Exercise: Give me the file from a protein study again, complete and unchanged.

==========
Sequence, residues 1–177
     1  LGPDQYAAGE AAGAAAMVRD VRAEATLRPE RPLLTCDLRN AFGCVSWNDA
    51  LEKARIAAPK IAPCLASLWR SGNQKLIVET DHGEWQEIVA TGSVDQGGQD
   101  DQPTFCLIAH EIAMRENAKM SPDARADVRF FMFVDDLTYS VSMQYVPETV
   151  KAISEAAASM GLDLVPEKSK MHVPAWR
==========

Sequence, residues 1–177
     1  LGPDQYAAGE AAGAAAMVRD VRAEATLRPE RPLLTCDLRN AFGCVSWNDA
    51  LEKARIAAPK IAPCLASLWR SGNQKLIVET DHGEWQEIVA TGSVDQGGQD
   101  DQPTFCLIAH EIAMRENAKM SPDARADVRF FMFVDDLTYS VSMQYVPETV
   151  KAISEAAASM GLDLVPEKSK MHVPAWR